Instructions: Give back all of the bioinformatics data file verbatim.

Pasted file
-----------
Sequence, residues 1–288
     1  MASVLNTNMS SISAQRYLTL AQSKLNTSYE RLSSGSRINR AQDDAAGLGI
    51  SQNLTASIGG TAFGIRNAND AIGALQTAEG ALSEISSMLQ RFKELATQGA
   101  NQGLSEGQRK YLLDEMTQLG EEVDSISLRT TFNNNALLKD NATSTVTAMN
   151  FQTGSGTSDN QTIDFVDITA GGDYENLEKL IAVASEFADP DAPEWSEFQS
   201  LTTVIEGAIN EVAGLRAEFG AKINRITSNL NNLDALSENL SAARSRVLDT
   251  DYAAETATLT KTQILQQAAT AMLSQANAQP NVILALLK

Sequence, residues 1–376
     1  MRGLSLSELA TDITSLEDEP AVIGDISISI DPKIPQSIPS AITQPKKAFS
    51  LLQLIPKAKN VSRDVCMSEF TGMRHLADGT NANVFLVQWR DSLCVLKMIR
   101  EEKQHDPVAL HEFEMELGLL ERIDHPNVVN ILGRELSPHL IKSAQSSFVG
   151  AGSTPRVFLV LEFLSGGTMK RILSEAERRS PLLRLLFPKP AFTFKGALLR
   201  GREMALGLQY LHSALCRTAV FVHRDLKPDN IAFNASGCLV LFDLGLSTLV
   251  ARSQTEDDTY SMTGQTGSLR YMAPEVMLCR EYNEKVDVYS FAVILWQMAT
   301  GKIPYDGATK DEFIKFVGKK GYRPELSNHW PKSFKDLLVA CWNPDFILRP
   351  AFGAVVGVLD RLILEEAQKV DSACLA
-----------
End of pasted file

Sequence, residues 1–288
     1  MASVLNTNMS SISAQRYLTL AQSKLNTSYE RLSSGSRINR AQDDAAGLGI
    51  SQNLTASIGG TAFGIRNAND AIGALQTAEG ALSEISSMLQ RFKELATQGA
   101  NQGLSEGQRK YLLDEMTQLG EEVDSISLRT TFNNNALLKD NATSTVTAMN
   151  FQTGSGTSDN QTIDFVDITA GGDYENLEKL IAVASEFADP DAPEWSEFQS
   201  LTTVIEGAIN EVAGLRAEFG AKINRITSNL NNLDALSENL SAARSRVLDT
   251  DYAAETATLT KTQILQQAAT AMLSQANAQP NVILALLK

Sequence, residues 1–376
     1  MRGLSLSELA TDITSLEDEP AVIGDISISI DPKIPQSIPS AITQPKKAFS
    51  LLQLIPKAKN VSRDVCMSEF TGMRHLADGT NANVFLVQWR DSLCVLKMIR
   101  EEKQHDPVAL HEFEMELGLL ERIDHPNVVN ILGRELSPHL IKSAQSSFVG
   151  AGSTPRVFLV LEFLSGGTMK RILSEAERRS PLLRLLFPKP AFTFKGALLR
   201  GREMALGLQY LHSALCRTAV FVHRDLKPDN IAFNASGCLV LFDLGLSTLV
   251  ARSQTEDDTY SMTGQTGSLR YMAPEVMLCR EYNEKVDVYS FAVILWQMAT
   301  GKIPYDGATK DEFIKFVGKK GYRPELSNHW PKSFKDLLVA CWNPDFILRP
   351  AFGAVVGVLD RLILEEAQKV DSACLA